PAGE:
George and his family were involved in an air-raid during the Second World War, and Parts 6- 8 show the story of that particular event, from the beginning to the very end of that disastrous event for the people of Broomhall.
A Trip Out
‘The Autumn faded into winter and on a cold frosty evening in December, feeling a bit flush with money as I had received a shilling a week rise on my birthday, Bill and me decided to go to the first house at the Landsdowne Picture Palace. It was Thursday, one of the nights I should have attended the School of Art, but I eased the pricks of conscience by telling myself that the child’s plate only needed engraving to finish, and that process I could easily do before end of term.’
‘The old ‘Lanny’ was pretty full when we took our seats in the six-pennies, just in time for the start of the programme. A Three Stooges film was on first, with Curly, Larry and Mo in cracking form, and then came the newsreel. Hitler had apparently decided to switch his peace-making bombing overtures from London to give Liverpool and Coventry a sample of his benevolence.’
Fred’s Seven Hills
‘As scenes of devastation and death flickered on the screen, a flat-capped Jonah at the side of me muttered to his headscarfed wife, ‘It’ll be ar turn next, just thee see.’ I sniffed contemptuously at this ill-informed remark. Evidently he was unaware of Fred Clayton’s seven hills that shielded Sheffield from the Luftwaffe. The prediction of the cobbler had been proved correct a fortnight earlier, when hundreds of German planes flew over Sheffield on their way to Liverpool, without dropping a bomb, and Dad said, ‘Fred’s right, they can’t find Sheffield.’
‘It was with some surprise, then, that halfway through the big picture, a boring film about nursing called Vigil on the Night starring Carole Lombard and Brian Aherne, a message of war flashed on the screen, informing us that the air raid sirens had sounded. This was followed by an announcement from the manager that the show would go on. There had been so many false alarms during the past weeks that only a few people got up and left the cinema. Most of the audience stayed on, not because it was a particularly entertaining film, but having paid a tanner we were determined to get our money’s worth.’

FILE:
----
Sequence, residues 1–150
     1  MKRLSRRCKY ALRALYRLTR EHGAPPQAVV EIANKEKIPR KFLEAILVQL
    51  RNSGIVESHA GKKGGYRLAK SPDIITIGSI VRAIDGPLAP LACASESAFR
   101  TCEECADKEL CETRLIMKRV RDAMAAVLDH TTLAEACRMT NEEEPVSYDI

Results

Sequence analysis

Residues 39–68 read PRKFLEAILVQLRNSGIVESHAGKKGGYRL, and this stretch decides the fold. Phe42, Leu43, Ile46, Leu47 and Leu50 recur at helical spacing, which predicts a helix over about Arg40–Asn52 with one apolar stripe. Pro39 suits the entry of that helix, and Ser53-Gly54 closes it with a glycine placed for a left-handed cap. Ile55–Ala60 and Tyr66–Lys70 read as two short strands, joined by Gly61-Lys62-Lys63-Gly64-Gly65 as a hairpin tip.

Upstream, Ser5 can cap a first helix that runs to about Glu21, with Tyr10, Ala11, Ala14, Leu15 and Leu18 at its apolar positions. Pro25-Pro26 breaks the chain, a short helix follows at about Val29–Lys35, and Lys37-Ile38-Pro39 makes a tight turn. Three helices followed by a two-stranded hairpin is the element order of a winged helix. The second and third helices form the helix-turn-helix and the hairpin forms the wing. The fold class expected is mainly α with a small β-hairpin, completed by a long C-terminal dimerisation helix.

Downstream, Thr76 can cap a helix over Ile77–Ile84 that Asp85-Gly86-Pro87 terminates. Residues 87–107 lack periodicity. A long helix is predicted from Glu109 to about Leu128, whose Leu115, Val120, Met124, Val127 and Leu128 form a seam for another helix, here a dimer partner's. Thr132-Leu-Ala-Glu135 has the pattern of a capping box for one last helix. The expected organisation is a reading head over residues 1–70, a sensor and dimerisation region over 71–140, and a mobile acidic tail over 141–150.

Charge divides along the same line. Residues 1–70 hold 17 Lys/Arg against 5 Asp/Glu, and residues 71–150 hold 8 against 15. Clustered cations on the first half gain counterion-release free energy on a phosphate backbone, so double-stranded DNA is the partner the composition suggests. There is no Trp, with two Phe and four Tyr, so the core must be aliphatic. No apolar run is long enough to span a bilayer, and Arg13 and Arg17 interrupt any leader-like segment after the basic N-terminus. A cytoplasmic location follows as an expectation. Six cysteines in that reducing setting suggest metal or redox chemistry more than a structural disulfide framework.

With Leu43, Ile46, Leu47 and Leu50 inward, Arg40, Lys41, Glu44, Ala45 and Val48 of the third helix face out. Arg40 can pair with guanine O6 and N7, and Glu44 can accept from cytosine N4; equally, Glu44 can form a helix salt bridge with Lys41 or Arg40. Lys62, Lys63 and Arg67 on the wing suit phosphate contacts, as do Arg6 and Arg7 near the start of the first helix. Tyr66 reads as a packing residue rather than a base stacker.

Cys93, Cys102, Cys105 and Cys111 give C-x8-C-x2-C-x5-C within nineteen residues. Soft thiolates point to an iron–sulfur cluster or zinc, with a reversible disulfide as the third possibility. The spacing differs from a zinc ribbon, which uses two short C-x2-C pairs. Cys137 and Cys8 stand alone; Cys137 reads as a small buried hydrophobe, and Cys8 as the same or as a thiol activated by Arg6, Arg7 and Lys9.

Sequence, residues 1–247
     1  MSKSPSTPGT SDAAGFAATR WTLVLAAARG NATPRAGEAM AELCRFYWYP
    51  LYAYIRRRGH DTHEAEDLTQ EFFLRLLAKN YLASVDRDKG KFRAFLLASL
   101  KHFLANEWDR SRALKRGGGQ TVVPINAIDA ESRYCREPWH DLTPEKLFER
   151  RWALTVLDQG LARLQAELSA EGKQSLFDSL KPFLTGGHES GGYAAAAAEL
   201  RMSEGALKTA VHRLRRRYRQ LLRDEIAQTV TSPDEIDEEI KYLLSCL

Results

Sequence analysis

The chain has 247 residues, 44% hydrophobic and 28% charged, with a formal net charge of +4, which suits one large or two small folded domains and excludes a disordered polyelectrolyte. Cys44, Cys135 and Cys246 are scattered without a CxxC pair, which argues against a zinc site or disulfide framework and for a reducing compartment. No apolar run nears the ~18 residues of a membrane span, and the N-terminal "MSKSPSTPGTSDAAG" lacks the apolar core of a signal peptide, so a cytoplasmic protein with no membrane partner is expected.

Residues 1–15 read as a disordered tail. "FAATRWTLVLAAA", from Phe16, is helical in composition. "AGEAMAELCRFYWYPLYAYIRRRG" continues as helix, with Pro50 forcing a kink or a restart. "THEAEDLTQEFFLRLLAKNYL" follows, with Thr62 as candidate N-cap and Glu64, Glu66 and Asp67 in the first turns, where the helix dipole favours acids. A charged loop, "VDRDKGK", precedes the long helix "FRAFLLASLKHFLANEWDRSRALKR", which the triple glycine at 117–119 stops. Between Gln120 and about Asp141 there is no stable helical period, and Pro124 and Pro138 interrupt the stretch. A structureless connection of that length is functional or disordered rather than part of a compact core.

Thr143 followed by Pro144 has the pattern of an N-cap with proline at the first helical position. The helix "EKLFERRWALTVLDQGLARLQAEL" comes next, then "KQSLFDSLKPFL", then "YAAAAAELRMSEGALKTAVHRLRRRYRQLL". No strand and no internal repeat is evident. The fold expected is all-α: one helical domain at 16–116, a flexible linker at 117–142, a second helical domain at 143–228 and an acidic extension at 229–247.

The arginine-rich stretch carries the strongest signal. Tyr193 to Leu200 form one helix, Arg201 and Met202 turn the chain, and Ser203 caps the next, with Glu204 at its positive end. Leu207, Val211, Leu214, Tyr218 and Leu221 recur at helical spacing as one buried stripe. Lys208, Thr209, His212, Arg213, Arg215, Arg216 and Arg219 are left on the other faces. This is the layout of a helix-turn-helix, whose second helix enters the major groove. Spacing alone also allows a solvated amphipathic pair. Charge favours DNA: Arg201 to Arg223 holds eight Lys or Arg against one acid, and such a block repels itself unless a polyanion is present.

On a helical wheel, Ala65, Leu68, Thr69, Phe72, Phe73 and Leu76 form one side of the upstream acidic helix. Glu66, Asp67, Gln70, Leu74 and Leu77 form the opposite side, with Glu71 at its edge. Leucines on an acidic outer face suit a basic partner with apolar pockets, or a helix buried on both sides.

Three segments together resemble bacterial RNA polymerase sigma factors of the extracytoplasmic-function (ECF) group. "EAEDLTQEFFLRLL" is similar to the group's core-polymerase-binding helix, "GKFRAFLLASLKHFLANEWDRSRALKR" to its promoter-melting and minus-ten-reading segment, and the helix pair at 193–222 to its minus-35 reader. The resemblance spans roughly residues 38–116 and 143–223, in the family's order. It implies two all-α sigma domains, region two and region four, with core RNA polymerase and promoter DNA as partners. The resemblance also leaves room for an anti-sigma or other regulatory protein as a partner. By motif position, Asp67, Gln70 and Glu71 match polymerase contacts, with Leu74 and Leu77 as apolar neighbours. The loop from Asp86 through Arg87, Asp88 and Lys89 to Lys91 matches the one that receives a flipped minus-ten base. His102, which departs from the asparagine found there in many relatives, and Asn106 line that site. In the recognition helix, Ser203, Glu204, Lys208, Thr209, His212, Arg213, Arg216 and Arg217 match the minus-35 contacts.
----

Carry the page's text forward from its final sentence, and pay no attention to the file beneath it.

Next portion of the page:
‘At quarter-past eight, Vigil on the Night thankfully ended. ‘God Save the King’ was played and we all filed out. In the foyer stood the commissionaire, nicknamed ‘Bulldog’ because his undershot lower jaw and big eyeteeth bestowed on him a distinct likeness to our national symbol. Being an old soldier he was quite calm when he growled ‘Gerrof ‘ooam quick as y’ can, ‘ee’s droppin’ ‘em.’
‘Out in London Road all was quiet in the moonlight. A few searchlight roamed the heavens. There was a rosy glow down near St Mary’s Church and an acrid smell of burning in the air, very different from the ever-present aroma of coal fires. Bill and I sauntered along, laughing about the antics of the Three Stooges, and we had just crossed over Cemetery Road when a noise like an express train travelling at high speed rent the air. A tremendous thump on the ground lifted me off my feet, and when I landed back on them I was off alongside my brother, like a pair of sprinters. Another almighty ‘Crump!’ was followed by what sounded like a shower of tin cans falling on the slates. ‘Incendiaries,’ gasped Bill, as we tore up Clarence Street and into our back yard.’
The Garlick’s house
‘I didn’t knock on Mrs Garlick’s door. We went straight into the house, stumbling against the furniture in the darkness of the living room and clattered down the spotless, donkey-stoned steps into the cellar. It had been reinforced with corrugated sheeting to provide an air raid shelter for the four families in the yard. Anxious faces stared at us as we ducked under the low doorway. My mother cried out, ‘Where have you been all this time? We’ve been down here ages – it’s terrible!’